Full disclosure: In 2 weeks we are already down 5%; we expect the happy ending, if any, to come years from now.
Stefan Jovanovich further adds:
I am not an engineer and I don't play one either so these comments are even more questionable than my usual rants. But I did get the short course from my uncle, Aunt Mary's husband, along with the cook's tour of the gas and coal fired steam plants around Denver. Uncle Charley loved the prospect of direct use of gas combustion that Carder mentions. Perhaps because he was old and sick, he also saw the limitations of the brave new world he would not live to see.
Uncle Charley's lesson plan for his idiot nephew.
Coal is a poor competitor in HHV values. Where gas on average has 21k HHV BTUs per pound, lignite coal has only 8k and the highest grade coal - anthracite - 14k. On average the bituminous coal used for steam generation has only half the HHV/pound of natural gas. So, coal per pound has to be half as expensive as gas simply to break even on HHV efficiency.
That still leaves the efficiency of the turbines–steam vs. the CCGT. According to thermodynamicist folks at Mankato State steam turbines using coal can do close to 50% at best while CCGTs are, as Carder says, now at 60%. So, coal per pound has to be another 1/3rd cheaper still in order to stay even with gas on efficiencies alone.
Then there are the environmental costs, nephew. Put them all together and coal has to sell for no more than $.25 a pound when gas is at a dollar.
So people will stop building steam generating plants in North America and the rest of the world will keep building them because coal delivered by ship or barge can be had for fixed contracts for a decade @ 1/4th the price of current prices for gas while no one will be willing to bet on natural gas deliveries beyond a year or two at most.
I checked Uncle Charley's numbers before buying JOY.
the U.S. I.E.A. price history for residential natural gas
The current futures price for gas - $2.89 per 1m BTUs which converts to roughly $.09 per pound at the standard prssures and densities - and coal - $43 per ton or slightly more than $.02 per pound.
If Carder is right and Uncle Charley and I are wrong, natural gas suppliers will be willing to offer long-term supply contracts the way people in the oil bidness did before 1973; if Uncle Charley is right, California will have brownouts and demand the right to buy Kentucky coal fired wholesale power before the decade is out. We shall see.
Check out this amazing video: "The Operating Room of the Future - InSightec - Dr. Kobi Vortman"
The most amazing breakthrough in medicine possibly in the entire history of medicine? This can directly affect our lives: this technology is available now. The healing of humankind in the planet is this time emerging from Israel.
If you pick a fight with a professional or an alpha everything moves in slow motion for him. After he defeats you, he can afford to be magnanimous and get you up, brush you off, and offer pointers for your next fight. I was an alpha in racquetball and paddleball for years and did the same thing. I made many friends by beating people and then giving them tips so they could do better against me next time to improve my game.
I recently reacquainted with a guy I used to spar with in wrestling named James Hydrick who was an alpha on the martial arts circuit and held a Guinness Record for breaking the most concrete with a single blow. His ring, street and prison fights are legend, numbering in the hundreds, and he lost twice on flukes. Many involved weapons and being outnumbered six to one. He would always get his opponent up after beating them, dust them off, offer tips, and become their friend.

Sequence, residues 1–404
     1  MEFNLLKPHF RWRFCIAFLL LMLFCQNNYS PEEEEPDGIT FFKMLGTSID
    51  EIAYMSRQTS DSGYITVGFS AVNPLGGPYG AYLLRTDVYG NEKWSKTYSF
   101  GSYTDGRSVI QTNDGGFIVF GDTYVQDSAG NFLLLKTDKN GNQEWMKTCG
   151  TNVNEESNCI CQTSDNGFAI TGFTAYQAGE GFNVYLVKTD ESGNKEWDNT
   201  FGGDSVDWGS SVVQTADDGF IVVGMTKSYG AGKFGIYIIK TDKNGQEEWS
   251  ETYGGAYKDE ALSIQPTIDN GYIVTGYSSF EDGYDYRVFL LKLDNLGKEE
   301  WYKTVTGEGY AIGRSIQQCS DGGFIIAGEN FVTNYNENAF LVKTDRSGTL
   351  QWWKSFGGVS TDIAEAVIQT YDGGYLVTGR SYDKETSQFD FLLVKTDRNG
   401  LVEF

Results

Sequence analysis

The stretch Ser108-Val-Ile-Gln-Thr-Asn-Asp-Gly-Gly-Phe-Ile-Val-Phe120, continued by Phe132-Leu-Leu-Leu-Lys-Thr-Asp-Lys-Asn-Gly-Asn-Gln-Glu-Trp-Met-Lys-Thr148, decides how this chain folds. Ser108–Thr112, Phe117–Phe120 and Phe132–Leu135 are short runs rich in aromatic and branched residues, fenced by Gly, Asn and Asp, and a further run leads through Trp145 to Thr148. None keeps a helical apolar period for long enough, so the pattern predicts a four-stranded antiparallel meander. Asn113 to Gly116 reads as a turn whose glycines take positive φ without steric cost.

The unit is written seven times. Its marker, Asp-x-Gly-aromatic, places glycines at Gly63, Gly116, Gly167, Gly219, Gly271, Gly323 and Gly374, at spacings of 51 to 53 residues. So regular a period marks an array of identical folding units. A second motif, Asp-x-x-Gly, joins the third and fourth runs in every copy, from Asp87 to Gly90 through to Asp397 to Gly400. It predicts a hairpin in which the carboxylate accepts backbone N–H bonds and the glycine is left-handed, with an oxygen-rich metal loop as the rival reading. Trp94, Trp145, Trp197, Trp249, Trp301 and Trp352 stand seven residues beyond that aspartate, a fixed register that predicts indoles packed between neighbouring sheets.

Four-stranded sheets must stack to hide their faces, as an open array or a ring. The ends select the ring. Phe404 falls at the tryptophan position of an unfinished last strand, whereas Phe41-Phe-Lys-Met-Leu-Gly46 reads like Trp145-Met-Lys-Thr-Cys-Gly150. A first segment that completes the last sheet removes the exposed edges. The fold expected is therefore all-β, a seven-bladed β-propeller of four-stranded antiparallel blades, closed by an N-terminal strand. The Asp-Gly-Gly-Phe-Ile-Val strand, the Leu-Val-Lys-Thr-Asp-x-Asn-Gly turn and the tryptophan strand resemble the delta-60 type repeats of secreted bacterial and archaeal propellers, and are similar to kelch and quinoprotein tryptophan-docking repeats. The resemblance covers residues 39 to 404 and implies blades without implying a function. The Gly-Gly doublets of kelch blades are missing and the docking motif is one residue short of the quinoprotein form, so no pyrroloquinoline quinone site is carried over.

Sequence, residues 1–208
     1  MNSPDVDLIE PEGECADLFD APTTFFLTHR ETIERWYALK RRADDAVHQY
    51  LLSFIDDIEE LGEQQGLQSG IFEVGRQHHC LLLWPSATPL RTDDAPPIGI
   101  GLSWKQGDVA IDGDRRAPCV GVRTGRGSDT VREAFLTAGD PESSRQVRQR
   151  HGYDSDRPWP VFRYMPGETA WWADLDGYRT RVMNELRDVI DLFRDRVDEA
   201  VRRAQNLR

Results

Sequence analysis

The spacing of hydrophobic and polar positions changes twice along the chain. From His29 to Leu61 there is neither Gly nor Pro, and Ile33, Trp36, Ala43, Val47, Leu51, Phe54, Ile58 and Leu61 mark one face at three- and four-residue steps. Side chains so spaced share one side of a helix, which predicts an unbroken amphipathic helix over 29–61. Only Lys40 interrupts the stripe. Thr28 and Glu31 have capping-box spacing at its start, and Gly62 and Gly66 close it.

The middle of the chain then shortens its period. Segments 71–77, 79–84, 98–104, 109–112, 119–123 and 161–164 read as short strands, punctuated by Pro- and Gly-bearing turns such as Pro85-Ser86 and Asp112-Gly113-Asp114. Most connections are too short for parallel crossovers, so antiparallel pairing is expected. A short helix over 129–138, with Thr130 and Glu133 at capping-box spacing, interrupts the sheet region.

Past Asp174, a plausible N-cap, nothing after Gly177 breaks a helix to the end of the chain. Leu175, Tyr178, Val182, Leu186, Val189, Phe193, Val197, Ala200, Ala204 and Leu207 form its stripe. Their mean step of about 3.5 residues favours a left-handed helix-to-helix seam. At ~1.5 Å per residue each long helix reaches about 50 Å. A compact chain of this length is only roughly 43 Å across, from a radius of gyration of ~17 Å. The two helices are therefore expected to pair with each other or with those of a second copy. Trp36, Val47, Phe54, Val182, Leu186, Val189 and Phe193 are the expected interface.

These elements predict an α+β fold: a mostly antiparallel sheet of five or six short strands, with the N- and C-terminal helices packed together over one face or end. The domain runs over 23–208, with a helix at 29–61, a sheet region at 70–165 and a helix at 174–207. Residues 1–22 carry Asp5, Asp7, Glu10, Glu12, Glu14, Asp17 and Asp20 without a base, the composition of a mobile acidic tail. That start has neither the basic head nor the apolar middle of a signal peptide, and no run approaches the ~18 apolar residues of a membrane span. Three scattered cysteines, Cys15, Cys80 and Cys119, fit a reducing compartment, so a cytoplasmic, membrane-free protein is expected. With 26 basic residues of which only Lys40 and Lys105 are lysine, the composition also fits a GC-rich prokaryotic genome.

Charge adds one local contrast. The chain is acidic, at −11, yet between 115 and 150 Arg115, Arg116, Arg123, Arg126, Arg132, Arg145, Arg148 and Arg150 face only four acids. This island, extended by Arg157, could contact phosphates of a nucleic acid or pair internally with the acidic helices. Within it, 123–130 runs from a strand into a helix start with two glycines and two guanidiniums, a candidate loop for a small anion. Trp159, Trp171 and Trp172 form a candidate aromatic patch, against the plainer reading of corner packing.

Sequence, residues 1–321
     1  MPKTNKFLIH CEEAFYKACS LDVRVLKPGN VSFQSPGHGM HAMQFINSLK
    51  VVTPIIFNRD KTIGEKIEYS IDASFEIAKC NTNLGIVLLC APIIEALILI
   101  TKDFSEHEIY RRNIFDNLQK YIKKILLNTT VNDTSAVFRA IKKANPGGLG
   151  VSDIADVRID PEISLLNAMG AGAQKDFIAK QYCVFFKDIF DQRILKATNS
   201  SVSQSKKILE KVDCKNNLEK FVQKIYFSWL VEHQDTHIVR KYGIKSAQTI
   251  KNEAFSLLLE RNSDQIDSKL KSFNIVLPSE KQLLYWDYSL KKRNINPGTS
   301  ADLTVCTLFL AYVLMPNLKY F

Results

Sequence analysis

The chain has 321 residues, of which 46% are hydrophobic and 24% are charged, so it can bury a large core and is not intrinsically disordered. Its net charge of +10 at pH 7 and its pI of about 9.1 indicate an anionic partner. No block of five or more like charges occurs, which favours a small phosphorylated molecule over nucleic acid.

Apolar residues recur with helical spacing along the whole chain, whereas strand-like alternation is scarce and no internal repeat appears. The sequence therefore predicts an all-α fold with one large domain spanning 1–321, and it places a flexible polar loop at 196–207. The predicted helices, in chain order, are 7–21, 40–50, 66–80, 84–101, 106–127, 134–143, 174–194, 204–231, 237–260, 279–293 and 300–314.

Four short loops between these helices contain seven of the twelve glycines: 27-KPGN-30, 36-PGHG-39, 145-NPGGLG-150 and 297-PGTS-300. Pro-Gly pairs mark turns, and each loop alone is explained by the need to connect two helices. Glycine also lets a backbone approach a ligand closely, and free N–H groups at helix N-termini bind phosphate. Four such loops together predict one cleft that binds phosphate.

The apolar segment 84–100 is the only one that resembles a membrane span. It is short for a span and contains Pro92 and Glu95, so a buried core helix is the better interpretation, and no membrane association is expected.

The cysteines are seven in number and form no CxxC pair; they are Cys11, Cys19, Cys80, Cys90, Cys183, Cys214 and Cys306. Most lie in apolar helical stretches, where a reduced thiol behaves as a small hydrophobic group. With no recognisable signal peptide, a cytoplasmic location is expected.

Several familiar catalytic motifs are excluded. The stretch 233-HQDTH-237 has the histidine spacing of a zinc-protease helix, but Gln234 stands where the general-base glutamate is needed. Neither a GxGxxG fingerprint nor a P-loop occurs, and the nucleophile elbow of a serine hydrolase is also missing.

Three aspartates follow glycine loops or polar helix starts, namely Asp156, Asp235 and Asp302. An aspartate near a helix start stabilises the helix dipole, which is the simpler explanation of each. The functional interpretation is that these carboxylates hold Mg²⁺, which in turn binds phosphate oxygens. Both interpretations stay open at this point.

In the same way, fighting in nature among animals is to establish a pecking order, particularly in choosing an alpha. If you pick a fight with an alpha, be prepared to fight to the death, or be brushed off and become a member of the pack.
July 29, 2015 | 4 Comments
I am searching for a musical song that illustrates the constructal law.
The constructal law teaches us that anything that flows, which is just about everything, is 'alive' because it evolves as it flows. Life is the persistent movement, struggle, contortion, and mechanism by which animate and inanimate flow systems morph to generate better access for what flows. When the flow stops the configurations becomes a flow fossil (dry riverbeds, snowflakes, animal skeletons, abandoned technology, and the Pyramids of Egypt).
From Design in Nature
Victor writes to Rorianne Schrade:
One wonders if there are any musical pieces that illustrate this idea.
Rorianne Schrade responds:
I hope this finds you and all of your beautiful family doing well. My apologies for not getting to this sooner–you are always delving into such interesting topics. While I'm probably unqualified to comment in any depth on constructal law, I think music relates to ideas of flow in more ways than one could ever count. The first thing that pops to mind is the need to keep a single tone itself "alive" — something that in early music gave rise to all sorts of trills and embellishments for the prolongation of tones, the continuation of the melodic momentum, and the development of musical life in a composition or improvisation. Whole sets of variations could be used to illustrate this as well, the starting with a simple theme, the gradual building and elaborating all as a way of keeping the theme alive as well as creating new music. The "flow" may be interrupted with what seems like musical "death" (a "flow fossil" or "dry riverbed" as you mention– these are beautiful too, in their own ways) in the middle of a piece of music– but the flow somehow returns or survives until the end of the piece (and longer in one's mind) if I've got the right idea of what is meant here. Another illustration might be jazz improvisation on standard tunes … keeping it flowing in a single performance as well as keeping it "flowing" through the decades through variation and new interpretations… I must be oversimplifying, but thank you always for the food for though! love to you all, r.